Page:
According to the Reinforced Sanctions, people cannot stay in their holiday homes (Victoria is in the middle of school vacation), but for those who have already gone on vacation, they are allowed to complete their vacation and return home.

People are also not allowed to exercise outside their area, which is only for daily exercise, but not hiking.

People can no longer have visitors to their home, save for who they are in close contact with, and outside meetings are no more than two for those who live in the same house.

The restraining order on the nine towers in Flemington and Kensington will be lifted when residents are examined, and the Chief Health Officer made it clear to all. The towers are subject to the same restrictions as the rest of the Melbourne metro area.

"It won't be long enough to keep those residents safe, and what I know is very challenging measures. When you consider, they are out of proportion to the accident. As we have said many times, many of those nine towers are among the most vulnerable people in our Victorian community."

Andrews said the government is still considering how to treat those who tested positive, and then throw them out of towers.

Prime Minister Scott Morrison has agreed to provide Victoria with an additional 260 ADF personnel to assist police in setting up road checks around Melbourne's metropolitan edges. Andrews said not every car is being investigated, but police use license plate recognition technology similar to previously closed suburbs.

Years 11 and 12 will return to specialist schools next week. The school holidays have been extended to everyone for another week, and Andrews said more announcements to return to school will be announced below the track.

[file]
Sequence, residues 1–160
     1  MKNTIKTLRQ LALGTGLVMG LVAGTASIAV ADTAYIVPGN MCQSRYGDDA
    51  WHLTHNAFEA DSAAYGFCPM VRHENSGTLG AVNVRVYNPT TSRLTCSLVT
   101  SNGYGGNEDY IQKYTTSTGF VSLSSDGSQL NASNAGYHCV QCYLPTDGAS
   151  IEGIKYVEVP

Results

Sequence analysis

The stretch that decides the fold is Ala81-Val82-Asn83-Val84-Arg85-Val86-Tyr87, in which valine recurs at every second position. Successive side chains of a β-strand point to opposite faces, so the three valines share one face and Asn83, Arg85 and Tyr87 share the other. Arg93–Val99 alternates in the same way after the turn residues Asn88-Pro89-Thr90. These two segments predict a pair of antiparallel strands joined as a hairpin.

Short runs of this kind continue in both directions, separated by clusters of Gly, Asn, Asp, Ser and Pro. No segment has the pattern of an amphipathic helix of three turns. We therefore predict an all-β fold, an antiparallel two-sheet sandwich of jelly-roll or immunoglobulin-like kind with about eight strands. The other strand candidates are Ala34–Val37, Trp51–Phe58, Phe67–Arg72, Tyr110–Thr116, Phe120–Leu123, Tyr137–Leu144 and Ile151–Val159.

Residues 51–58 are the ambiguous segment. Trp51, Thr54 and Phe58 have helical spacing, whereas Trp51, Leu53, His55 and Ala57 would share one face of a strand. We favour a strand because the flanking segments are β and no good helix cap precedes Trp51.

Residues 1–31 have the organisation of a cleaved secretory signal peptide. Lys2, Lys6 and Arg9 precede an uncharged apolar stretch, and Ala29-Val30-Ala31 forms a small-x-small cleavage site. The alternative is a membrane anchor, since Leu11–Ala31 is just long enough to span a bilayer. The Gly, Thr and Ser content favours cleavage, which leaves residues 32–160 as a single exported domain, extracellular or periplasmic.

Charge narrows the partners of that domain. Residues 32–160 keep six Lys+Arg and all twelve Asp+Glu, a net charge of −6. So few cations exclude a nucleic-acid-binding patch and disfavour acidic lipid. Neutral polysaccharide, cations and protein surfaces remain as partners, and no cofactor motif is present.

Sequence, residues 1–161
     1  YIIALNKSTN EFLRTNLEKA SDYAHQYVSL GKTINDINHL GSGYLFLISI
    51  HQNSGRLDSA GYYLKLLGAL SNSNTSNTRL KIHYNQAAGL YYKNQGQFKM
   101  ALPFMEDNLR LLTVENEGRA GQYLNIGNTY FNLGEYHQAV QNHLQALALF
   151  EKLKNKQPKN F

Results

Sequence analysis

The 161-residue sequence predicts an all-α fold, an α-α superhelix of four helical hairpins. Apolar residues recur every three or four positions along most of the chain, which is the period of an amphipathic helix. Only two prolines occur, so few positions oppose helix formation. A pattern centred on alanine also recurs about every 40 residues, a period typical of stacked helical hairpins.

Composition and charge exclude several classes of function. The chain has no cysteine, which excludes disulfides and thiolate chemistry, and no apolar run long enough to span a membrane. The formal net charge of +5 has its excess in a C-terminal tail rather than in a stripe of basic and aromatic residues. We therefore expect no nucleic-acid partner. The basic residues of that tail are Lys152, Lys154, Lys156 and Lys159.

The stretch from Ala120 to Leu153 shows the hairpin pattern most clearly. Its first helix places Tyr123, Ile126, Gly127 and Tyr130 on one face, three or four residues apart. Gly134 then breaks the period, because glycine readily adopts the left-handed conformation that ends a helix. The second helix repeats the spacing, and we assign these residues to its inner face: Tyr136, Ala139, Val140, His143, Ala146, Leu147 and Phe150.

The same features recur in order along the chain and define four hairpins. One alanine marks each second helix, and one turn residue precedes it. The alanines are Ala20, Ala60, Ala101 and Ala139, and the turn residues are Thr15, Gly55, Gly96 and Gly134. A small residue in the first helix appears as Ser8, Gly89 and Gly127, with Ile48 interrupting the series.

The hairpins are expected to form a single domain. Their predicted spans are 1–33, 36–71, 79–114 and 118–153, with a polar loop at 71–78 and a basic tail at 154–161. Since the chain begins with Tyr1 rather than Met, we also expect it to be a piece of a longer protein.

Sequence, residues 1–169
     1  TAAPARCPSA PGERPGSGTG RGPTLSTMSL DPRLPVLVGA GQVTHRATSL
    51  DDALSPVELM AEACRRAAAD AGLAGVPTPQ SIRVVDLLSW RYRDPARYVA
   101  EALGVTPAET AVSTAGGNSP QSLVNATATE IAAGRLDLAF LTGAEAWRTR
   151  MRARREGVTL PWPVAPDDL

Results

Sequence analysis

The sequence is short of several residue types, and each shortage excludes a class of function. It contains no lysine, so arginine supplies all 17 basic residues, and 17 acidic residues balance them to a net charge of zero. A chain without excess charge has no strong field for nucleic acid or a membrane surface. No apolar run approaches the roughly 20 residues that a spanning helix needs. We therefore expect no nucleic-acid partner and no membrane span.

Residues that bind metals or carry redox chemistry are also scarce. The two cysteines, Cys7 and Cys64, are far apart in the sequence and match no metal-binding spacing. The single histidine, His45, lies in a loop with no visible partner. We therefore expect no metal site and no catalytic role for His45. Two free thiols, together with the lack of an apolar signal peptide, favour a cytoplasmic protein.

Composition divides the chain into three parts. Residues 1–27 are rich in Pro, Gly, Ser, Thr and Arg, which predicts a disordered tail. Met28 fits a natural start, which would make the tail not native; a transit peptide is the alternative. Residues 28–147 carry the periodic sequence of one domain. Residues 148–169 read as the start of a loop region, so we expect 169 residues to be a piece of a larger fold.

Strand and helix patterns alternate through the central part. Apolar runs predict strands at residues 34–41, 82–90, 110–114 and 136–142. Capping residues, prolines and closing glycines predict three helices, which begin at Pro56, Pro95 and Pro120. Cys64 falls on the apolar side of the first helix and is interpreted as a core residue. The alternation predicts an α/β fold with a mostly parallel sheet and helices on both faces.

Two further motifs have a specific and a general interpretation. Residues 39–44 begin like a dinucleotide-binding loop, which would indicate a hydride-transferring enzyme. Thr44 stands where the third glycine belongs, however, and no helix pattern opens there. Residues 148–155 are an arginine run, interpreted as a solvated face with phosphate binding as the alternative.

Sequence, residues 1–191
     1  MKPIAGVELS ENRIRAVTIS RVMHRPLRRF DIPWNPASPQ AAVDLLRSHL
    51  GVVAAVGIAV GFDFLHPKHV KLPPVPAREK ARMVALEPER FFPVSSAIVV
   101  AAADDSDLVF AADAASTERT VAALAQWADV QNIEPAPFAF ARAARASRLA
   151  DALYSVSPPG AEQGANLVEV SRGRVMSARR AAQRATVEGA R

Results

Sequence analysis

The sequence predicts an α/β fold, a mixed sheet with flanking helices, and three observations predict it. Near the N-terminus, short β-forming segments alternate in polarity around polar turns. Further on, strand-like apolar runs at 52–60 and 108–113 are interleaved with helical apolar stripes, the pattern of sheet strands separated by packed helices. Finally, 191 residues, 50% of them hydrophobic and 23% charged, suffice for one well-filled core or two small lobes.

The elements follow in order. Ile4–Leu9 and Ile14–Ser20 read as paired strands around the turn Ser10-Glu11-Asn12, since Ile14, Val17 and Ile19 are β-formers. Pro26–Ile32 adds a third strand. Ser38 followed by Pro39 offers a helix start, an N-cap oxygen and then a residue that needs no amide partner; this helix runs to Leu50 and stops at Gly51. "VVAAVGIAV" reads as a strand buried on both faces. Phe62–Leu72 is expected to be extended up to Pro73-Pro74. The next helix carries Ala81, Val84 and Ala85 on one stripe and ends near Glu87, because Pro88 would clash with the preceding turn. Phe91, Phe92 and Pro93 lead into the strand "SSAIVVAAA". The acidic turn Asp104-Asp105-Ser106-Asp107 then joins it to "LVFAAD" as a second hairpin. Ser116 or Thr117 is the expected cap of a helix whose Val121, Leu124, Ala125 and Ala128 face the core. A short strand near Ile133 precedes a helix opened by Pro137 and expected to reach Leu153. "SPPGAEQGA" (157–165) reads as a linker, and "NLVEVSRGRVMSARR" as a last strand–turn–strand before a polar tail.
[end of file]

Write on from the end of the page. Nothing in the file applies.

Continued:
For those in need, Andrews said the special school holiday program will be expanded.

In the region, Andrews said he plans to declare sanctions easing in the absence of cases in those areas.

Giving three life cycles to show real data to reduce the virus over a six-week period, Andrews said.

"When you start to see less numbers of stability, we have a lot more confidence that they are real numbers, rather than misinterpreting that the virus is no longer there, or that it can do such a low level of repression strategy."

Meanwhile, NSW Police Commissioner Mick Fuller said 650 police were crossing the Victoria border as the border was closed since midnight to prevent the virus from spreading throughout the state. There is confusion as to why the process of applying for exemption from travel ban is not finalized. Those who tried to cross the border were fined, but no official public health orders were announced.

"We imagine the health orders will be ready after this afternoon," Fuller said. “Services have worked overnight to provide New South Wales technical solutions so that people can apply for an exemption this evening.

After being informed on the New South Wales Government website, we were once warned. If there is a failure in any technology between Tuesday and Tuesday midnight, and you have to cross the border, you have to be patient.

"However you should contact the police and explain the situation and we will work with you."

NSW Police Minister David Elliott has suggested Victoria pay for the border system. Andrews replied that he did not know Elliott, and that he was working with the NSW Premier rather than with his ministers.